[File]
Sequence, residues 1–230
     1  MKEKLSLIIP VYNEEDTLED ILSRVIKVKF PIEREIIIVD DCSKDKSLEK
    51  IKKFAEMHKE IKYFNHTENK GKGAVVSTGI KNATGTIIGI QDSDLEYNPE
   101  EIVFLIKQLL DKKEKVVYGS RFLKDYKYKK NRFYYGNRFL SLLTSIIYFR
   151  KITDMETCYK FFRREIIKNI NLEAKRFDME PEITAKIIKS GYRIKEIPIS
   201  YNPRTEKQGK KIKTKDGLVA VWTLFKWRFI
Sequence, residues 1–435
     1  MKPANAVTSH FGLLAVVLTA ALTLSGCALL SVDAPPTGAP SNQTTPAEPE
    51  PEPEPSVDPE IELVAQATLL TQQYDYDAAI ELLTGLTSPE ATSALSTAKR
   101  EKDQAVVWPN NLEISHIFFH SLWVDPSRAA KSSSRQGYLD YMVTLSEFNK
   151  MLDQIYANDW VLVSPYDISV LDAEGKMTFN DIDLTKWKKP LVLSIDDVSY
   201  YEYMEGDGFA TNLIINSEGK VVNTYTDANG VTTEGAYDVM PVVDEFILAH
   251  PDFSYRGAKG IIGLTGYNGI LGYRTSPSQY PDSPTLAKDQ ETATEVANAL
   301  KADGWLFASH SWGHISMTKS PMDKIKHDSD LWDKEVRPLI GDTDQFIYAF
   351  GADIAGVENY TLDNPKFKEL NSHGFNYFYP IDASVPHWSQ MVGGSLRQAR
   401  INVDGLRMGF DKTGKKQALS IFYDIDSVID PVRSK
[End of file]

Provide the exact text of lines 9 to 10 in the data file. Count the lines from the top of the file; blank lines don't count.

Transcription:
    51  PEPEPSVDPE IELVAQATLL TQQYDYDAAI ELLTGLTSPE ATSALSTAKR
   101  EKDQAVVWPN NLEISHIFFH SLWVDPSRAA KSSSRQGYLD YMVTLSEFNK